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Richard feynman

The meaning of «richard feynman»

Richard Phillips Feynman (/ˈfaɪnmən/; May 11, 1918 – February 15, 1988) was an American theoretical physicist, known for his work in the path integral formulation of quantum mechanics, the theory of quantum electrodynamics, the physics of the superfluidity of supercooled liquid helium, as well as his work in particle physics for which he proposed the parton model. For contributions to the development of quantum electrodynamics, Feynman received the Nobel Prize in Physics in 1965 jointly with Julian Schwinger and Shin'ichirō Tomonaga.

Feynman developed a widely used pictorial representation scheme for the mathematical expressions describing the behavior of subatomic particles, which later became known as Feynman diagrams. During his lifetime, Feynman became one of the best-known scientists in the world. In a 1999 poll of 130 leading physicists worldwide by the British journal Physics World, he was ranked the seventh-greatest physicist of all time.[2]

He assisted in the development of the atomic bomb during World War II and became known to a wide public in the 1980s as a member of the Rogers Commission, the panel that investigated the Space Shuttle Challenger disaster. Along with his work in theoretical physics, Feynman has been credited with pioneering the field of quantum computing and introducing the concept of nanotechnology. He held the Richard C. Tolman professorship in theoretical physics at the California Institute of Technology.

Feynman was a keen popularizer of physics through both books and lectures, including a 1959 talk on top-down nanotechnology called There's Plenty of Room at the Bottom and the three-volume publication of his undergraduate lectures, The Feynman Lectures on Physics. Feynman also became known through his autobiographical books Surely You're Joking, Mr. Feynman! and What Do You Care What Other People Think?, and books written about him such as Tuva or Bust! by Ralph Leighton and the biography Genius: The Life and Science of Richard Feynman by James Gleick.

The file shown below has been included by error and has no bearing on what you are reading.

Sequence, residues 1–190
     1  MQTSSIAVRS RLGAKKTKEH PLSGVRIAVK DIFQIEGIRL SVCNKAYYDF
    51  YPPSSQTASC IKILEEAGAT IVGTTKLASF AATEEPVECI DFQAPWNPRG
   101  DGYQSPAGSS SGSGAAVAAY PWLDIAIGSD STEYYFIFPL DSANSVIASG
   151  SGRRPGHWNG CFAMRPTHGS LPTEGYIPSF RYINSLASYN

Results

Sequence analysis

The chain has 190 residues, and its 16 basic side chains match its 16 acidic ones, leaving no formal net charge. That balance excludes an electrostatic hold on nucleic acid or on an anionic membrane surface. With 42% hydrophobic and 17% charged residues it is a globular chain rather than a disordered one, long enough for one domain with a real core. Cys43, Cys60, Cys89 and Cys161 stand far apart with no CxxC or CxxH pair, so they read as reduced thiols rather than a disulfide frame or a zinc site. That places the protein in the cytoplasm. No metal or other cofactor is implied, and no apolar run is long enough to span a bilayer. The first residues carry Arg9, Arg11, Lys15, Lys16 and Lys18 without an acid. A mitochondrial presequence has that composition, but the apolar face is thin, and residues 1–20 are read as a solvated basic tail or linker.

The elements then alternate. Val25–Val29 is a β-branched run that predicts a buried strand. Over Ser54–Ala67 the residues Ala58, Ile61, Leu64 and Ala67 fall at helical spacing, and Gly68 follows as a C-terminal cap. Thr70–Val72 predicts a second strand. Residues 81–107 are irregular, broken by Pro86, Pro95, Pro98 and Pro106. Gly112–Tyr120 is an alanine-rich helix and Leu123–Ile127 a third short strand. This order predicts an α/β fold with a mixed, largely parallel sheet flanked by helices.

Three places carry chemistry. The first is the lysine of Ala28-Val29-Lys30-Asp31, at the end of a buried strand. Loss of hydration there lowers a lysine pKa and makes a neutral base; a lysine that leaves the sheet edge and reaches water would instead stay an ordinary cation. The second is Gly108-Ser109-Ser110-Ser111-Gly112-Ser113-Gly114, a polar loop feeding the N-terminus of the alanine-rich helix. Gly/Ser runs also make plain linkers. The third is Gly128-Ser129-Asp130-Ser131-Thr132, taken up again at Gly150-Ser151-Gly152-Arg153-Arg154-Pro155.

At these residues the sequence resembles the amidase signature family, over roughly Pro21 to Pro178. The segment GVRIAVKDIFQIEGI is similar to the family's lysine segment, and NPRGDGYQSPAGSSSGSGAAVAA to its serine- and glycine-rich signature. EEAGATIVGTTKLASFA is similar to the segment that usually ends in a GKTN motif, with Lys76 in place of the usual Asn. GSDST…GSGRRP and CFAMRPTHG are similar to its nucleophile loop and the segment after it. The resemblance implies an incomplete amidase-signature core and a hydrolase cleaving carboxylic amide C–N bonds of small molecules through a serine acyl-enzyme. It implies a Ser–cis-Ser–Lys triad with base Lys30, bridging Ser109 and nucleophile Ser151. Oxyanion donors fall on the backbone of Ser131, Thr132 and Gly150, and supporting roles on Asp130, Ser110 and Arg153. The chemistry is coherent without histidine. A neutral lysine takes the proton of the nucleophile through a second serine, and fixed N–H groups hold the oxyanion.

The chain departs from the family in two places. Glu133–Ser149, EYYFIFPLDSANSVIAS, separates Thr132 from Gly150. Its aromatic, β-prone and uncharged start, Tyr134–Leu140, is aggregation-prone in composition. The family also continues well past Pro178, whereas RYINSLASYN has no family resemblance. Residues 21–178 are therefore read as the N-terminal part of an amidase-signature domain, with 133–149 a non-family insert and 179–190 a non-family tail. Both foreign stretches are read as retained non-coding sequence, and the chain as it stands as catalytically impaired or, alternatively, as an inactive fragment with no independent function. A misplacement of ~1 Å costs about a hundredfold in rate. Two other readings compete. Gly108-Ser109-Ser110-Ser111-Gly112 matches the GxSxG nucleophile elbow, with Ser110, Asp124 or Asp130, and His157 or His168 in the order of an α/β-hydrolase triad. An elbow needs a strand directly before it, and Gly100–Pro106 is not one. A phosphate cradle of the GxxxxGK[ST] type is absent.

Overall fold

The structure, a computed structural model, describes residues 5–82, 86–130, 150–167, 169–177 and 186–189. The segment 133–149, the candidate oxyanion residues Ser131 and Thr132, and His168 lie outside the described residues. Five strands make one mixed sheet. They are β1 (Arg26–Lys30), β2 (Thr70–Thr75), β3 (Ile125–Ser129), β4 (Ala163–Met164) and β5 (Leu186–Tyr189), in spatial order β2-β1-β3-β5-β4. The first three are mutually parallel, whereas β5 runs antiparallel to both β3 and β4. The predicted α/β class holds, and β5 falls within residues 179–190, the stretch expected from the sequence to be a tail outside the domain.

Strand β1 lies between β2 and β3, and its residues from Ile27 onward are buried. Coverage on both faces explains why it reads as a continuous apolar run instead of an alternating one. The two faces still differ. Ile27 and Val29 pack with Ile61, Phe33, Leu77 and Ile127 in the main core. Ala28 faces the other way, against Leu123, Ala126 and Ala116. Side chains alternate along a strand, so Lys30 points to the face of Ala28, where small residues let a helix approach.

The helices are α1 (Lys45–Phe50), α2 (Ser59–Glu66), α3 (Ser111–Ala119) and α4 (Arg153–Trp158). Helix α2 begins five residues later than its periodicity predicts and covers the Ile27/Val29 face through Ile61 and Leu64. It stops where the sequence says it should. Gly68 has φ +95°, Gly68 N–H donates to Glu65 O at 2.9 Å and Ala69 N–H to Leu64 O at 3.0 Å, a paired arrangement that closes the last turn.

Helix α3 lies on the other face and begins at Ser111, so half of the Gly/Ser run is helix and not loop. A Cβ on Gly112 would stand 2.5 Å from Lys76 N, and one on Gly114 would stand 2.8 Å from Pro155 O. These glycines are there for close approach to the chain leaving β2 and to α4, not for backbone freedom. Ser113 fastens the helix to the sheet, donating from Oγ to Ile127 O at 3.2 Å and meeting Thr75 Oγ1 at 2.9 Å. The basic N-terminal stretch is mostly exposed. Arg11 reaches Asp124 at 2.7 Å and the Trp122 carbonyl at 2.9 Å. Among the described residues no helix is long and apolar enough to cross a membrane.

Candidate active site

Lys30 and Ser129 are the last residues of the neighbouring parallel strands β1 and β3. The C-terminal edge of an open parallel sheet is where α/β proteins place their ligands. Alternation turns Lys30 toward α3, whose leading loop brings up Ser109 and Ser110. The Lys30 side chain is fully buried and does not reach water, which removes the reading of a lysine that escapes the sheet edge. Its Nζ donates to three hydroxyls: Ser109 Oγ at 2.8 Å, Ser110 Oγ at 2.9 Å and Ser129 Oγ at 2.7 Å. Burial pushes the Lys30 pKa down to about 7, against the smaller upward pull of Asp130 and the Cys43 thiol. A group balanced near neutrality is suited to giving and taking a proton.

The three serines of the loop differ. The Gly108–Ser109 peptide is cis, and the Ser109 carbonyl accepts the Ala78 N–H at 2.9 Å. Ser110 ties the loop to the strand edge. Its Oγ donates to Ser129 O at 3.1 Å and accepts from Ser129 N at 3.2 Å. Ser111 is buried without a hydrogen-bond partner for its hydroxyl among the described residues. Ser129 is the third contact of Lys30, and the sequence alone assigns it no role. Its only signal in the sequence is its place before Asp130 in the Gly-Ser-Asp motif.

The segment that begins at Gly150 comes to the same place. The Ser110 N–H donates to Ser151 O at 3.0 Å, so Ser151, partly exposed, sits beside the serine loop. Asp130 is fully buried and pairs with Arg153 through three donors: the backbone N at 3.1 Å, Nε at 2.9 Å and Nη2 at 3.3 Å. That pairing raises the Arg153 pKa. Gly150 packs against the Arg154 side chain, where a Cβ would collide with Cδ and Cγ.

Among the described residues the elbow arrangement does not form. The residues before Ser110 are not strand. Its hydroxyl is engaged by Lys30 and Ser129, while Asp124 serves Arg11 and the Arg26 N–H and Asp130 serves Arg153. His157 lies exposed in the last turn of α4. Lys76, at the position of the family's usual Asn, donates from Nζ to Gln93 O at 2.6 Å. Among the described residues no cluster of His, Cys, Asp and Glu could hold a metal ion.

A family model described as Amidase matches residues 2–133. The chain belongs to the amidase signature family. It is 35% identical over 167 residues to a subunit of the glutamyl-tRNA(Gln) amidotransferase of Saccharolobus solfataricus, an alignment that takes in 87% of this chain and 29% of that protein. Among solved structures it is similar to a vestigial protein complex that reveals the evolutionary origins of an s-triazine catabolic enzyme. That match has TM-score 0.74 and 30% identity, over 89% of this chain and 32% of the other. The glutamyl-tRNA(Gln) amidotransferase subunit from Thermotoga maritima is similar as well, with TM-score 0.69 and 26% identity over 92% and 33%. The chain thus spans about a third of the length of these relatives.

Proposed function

Feynman was born on May 11, 1918, in Queens, New York City,[3] to Lucille née Phillips, a homemaker, and Melville Arthur Feynman, a sales manager[4] originally from Minsk in Belarus[5] (then part of the Russian Empire). Feynman was a late talker, and did not speak until after his third birthday. As an adult he spoke with a New York accent[6][7] strong enough to be perceived as an affectation or exaggeration[8][9]—so much so that his friends Wolfgang Pauli and Hans Bethe once commented that Feynman spoke like a "bum".[8]

The young Feynman was heavily influenced by his father, who encouraged him to ask questions to challenge orthodox thinking, and who was always ready to teach Feynman something new. From his mother, he gained the sense of humor that he had throughout his life. As a child, he had a talent for engineering,[10] maintained an experimental laboratory in his home, and delighted in repairing radios. This radio repairing was probably the first job Feynman had, and during this time he showed early signs of an aptitude for his later career in theoretical physics, when he would analyze the issues theoretically and arrive at the solutions.[11] When he was in grade school, he created a home burglar alarm system while his parents were out for the day running errands.[12]

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